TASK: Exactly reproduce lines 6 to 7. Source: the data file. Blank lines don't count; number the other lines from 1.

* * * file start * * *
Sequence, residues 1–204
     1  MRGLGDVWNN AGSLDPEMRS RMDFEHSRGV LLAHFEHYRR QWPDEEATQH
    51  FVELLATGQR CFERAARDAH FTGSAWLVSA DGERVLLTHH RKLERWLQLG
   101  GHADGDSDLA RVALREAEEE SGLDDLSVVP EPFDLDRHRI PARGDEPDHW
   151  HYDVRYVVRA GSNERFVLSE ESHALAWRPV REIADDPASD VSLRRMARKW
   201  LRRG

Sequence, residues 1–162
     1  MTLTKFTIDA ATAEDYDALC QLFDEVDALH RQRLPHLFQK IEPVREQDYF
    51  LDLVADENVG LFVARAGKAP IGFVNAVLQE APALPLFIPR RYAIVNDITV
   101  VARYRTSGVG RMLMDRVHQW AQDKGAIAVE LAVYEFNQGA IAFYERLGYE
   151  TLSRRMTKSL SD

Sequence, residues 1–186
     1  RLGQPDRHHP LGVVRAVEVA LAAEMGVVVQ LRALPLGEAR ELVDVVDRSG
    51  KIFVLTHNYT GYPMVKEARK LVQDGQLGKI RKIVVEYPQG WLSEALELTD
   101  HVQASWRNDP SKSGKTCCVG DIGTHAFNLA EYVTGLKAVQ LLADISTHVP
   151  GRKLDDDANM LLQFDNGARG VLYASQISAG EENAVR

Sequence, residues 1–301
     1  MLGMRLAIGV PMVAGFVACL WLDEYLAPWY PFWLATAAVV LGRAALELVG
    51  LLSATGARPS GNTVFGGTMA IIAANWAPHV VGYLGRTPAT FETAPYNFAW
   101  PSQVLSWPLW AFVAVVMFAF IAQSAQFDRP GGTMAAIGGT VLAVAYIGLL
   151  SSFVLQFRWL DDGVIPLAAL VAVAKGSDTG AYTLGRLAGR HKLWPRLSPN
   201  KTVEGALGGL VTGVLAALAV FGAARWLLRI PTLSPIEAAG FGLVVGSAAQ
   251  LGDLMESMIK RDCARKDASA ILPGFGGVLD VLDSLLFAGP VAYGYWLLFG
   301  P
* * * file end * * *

   201  LRRG

Sequence, residues 1–162